The Expulsion of the Acadians (also known as the Great Upheaval, the Great Expulsion, The Deportation, the Acadian Expulsion, Le Grand Dérangement) was the forced removal by the British of the Acadian people from present day Canadian Maritime provinces: Nova Scotia, New Brunswick, and Prince Edward Island (an area also known as Acadie). The Expulsion (1755–1763) occurred during the French and Indian War.
Also on these boards
Joseph Broussard (1702–1765), also known as Beausoleil, was a leader of the Acadian people in Acadia; later Nova Scotia and New Brunswick. Broussard organized a resistance movement against the forced Expulsion of the Acadians. In 1765, After the loss of Acadia to the British, he eventually led the first group of Acadians to southern Louisiana in present-day United States. His name is sometimes presented as Joseph Gaurhept Broussard; this is likely the result of a transcription error.
Google Image Result for www.chuckroger.co...
Longfellow's Evangeline statue in front of Acadian church, Nova Scotia, Canada. Evangeline, A Tale of Acadie, is an epic poem by the American poet Henry Wadsworth Longfellow, published in 1847. The poem follows an Acadian girl named Evangeline and her search for her lost love Gabriel, set during the time of the Expulsion of the Acadians.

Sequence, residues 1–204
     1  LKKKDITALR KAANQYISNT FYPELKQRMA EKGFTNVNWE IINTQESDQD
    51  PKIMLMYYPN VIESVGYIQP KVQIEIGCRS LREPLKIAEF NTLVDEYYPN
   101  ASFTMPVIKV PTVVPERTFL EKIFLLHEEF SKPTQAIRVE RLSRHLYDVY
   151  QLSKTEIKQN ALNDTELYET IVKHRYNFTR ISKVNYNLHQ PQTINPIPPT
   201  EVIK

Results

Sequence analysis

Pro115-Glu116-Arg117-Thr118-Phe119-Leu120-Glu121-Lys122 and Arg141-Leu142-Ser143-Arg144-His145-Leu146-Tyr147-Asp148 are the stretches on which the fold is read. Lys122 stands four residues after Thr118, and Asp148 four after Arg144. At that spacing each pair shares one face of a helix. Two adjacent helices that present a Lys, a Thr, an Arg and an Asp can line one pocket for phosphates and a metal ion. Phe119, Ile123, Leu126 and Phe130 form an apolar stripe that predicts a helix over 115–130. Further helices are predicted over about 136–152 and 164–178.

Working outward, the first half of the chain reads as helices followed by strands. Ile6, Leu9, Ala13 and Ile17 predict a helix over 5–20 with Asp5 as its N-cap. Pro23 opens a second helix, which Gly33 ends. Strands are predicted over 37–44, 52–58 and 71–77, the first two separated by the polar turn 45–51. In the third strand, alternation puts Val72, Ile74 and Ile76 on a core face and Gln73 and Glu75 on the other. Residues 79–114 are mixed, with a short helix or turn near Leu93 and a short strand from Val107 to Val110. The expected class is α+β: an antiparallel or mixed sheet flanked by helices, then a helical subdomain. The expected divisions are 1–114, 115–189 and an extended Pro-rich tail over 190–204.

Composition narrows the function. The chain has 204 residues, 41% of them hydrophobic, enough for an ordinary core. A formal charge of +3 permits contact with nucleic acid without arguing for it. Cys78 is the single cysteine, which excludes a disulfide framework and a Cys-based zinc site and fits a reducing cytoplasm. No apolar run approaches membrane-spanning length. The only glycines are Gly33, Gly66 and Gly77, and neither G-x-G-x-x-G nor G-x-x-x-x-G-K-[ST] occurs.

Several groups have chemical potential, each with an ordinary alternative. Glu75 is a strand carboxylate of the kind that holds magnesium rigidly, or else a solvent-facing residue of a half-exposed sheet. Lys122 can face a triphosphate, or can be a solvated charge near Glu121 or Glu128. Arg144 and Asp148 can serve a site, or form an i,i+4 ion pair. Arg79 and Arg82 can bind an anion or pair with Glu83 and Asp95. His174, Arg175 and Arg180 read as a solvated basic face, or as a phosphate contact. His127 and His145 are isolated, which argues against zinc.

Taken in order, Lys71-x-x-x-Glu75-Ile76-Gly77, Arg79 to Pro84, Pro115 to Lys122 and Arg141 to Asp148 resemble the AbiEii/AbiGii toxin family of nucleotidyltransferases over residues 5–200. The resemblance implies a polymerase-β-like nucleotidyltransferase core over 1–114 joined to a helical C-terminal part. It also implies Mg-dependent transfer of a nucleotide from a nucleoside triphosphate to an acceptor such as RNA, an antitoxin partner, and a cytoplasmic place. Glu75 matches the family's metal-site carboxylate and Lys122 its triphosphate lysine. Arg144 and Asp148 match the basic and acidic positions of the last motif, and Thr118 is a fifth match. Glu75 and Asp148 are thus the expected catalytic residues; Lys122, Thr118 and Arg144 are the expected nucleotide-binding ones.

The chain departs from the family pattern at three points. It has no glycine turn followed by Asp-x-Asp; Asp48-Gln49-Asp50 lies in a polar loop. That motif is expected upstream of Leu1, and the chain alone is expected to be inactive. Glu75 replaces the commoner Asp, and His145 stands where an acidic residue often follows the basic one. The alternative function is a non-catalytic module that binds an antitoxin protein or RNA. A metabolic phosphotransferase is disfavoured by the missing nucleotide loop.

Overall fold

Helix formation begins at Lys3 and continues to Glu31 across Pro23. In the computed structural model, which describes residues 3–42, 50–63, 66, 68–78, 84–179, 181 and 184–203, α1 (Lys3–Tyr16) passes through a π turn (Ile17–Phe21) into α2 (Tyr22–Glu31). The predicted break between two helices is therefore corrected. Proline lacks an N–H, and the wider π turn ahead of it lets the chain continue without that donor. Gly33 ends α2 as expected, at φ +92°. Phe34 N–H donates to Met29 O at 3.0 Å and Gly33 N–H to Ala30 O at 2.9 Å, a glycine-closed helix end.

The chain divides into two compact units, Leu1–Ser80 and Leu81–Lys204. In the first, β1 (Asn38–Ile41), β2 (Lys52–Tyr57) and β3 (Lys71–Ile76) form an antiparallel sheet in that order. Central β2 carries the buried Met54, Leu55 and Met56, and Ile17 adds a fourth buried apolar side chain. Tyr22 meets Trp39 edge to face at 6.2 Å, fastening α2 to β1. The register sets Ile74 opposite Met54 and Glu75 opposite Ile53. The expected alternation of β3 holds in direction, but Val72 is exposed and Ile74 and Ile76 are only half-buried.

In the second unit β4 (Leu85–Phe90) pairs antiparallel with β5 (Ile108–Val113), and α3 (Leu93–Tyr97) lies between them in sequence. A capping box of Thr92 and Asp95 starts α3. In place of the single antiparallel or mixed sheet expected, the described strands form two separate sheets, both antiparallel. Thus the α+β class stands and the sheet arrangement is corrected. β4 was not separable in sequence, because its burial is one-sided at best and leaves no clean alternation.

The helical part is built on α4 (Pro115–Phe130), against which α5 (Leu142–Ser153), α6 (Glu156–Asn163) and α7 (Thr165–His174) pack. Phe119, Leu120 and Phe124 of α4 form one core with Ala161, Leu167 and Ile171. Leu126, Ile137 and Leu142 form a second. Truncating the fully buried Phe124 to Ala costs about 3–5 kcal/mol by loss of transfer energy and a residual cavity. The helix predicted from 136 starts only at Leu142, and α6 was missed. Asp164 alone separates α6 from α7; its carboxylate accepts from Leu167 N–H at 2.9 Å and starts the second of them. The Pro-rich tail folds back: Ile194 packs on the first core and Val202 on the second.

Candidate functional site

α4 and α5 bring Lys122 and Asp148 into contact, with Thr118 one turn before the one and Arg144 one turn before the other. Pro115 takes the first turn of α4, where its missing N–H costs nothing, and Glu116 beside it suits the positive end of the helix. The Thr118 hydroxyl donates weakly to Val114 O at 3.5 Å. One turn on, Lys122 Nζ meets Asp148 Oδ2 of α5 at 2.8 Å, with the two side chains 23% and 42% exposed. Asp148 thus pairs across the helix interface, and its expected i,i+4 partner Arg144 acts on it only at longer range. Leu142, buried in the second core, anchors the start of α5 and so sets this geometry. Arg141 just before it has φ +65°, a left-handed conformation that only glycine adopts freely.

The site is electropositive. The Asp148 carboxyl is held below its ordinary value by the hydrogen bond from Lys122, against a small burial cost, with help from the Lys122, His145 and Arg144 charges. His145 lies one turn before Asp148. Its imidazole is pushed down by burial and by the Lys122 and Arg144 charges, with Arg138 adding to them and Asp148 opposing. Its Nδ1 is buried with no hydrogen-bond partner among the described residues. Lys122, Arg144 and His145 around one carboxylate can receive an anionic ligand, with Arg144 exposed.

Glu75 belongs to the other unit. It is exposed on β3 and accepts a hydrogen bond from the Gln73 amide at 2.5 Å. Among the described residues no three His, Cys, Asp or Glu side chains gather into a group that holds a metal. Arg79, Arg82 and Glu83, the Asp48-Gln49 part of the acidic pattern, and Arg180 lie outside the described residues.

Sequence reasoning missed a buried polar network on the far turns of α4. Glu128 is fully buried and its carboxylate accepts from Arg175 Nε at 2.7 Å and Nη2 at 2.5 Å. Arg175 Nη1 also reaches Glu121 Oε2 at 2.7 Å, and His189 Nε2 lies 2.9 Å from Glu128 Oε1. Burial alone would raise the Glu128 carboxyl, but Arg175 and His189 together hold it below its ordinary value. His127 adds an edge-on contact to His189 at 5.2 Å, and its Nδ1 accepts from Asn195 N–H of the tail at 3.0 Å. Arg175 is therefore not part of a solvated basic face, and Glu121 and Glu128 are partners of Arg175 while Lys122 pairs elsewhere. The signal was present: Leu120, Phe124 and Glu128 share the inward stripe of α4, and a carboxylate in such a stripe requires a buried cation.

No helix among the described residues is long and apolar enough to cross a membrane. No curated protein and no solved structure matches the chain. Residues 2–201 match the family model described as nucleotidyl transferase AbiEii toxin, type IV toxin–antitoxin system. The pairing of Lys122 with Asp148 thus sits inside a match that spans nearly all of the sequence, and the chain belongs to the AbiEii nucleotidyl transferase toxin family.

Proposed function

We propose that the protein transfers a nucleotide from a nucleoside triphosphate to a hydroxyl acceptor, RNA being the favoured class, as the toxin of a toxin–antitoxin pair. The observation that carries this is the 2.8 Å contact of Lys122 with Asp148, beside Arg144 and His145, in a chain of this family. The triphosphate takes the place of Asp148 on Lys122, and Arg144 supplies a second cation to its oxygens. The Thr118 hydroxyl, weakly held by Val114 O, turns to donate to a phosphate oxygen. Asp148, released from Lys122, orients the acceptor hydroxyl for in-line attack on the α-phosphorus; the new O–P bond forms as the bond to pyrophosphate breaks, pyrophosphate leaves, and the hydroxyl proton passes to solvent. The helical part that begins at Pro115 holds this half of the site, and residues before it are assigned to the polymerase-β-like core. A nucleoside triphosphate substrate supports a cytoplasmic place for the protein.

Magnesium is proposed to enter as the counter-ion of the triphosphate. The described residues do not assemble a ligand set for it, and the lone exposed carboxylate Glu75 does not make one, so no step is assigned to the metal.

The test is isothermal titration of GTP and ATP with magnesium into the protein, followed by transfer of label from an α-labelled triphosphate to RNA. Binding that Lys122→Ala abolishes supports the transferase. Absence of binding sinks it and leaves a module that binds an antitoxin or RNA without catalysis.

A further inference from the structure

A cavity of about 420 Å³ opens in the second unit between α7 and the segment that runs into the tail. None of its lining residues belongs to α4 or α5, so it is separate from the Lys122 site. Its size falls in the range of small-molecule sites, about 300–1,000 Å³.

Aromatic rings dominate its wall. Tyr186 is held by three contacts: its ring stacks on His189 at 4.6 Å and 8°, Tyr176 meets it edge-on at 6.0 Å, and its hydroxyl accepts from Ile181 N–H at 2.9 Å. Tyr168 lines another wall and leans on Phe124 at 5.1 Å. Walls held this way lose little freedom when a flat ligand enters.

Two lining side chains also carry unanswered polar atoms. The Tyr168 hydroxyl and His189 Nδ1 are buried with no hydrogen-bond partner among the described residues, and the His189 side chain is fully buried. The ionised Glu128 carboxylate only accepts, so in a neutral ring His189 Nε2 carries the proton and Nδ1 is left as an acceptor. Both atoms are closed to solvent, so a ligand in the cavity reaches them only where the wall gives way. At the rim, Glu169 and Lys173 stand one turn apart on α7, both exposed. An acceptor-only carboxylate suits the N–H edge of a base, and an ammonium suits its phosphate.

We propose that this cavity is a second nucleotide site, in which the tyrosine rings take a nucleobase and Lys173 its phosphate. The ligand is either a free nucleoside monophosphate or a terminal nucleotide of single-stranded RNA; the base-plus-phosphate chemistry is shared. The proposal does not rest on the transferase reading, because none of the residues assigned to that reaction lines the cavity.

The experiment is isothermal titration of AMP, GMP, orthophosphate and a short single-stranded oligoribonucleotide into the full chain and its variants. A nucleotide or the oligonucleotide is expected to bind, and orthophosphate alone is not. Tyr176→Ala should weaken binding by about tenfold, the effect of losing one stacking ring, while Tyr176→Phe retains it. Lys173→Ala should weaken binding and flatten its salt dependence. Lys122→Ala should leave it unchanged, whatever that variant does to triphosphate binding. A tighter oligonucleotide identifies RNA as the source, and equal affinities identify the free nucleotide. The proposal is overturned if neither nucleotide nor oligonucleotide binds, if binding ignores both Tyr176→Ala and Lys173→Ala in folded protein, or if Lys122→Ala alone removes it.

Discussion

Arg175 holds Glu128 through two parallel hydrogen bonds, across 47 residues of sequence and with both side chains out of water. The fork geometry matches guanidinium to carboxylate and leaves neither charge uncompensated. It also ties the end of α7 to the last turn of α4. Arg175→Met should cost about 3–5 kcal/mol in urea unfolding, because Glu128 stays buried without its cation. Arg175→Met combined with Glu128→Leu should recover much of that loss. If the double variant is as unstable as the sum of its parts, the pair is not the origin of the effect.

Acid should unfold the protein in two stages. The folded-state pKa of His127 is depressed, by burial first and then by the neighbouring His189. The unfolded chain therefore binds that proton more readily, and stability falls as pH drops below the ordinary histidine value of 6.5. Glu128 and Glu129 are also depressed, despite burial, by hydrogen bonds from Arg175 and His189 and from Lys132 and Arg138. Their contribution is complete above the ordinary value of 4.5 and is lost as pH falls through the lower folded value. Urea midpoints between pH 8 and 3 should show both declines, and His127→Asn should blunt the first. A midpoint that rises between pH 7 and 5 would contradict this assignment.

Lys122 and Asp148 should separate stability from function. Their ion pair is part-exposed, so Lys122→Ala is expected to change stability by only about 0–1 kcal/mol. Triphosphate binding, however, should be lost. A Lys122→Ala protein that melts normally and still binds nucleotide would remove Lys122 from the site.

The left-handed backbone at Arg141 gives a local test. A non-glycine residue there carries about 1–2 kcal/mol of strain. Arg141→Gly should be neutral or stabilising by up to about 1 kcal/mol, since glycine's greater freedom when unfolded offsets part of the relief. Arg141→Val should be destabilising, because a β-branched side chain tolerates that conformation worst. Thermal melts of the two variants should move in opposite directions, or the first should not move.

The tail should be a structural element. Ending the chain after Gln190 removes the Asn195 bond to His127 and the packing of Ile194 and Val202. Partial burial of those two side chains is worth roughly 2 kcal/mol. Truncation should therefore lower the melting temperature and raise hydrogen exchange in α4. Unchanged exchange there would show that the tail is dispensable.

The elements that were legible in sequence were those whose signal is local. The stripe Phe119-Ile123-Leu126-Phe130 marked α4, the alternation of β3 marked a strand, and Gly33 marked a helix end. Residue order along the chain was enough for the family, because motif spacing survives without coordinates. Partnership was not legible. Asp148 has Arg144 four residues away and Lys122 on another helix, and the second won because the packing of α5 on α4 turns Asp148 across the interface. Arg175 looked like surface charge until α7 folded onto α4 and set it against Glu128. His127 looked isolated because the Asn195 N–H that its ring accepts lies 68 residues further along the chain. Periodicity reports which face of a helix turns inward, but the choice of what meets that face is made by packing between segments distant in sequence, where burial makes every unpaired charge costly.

Acadian militiaman, 1755-1760 - "Not all Acadians were deported in 1755. Some escaped into the wilderness of present-day New Brunswick and from there, staged such a relentless guerrilla-style warfare on British areas that it took great numbers of British and American provincial troops to guard, with variable success, the western borders to Nova Scotia."
The sad history of state-sponsored ethnic cleansing in North America begins with the story of the 18th century expulsion of the Acadians by the British. Professor Amy Sturgis explains that the Acadians were peaceful French colonists who had prospered in Nova Scotia.
The Acadians are first Canadian settlers originating from France who were deported out of their homes and off their land in Nova Scotia by British Soldiers in 1755. Some families were scattered deeper into Canada but most went south into Florida and Louisiana where the word Acadian was shortened to 'Cajun'. My family stems from one man who evaded capture. He was a frontiersman who built a log home along a river in New Brunswick near the Mi'kmaq people.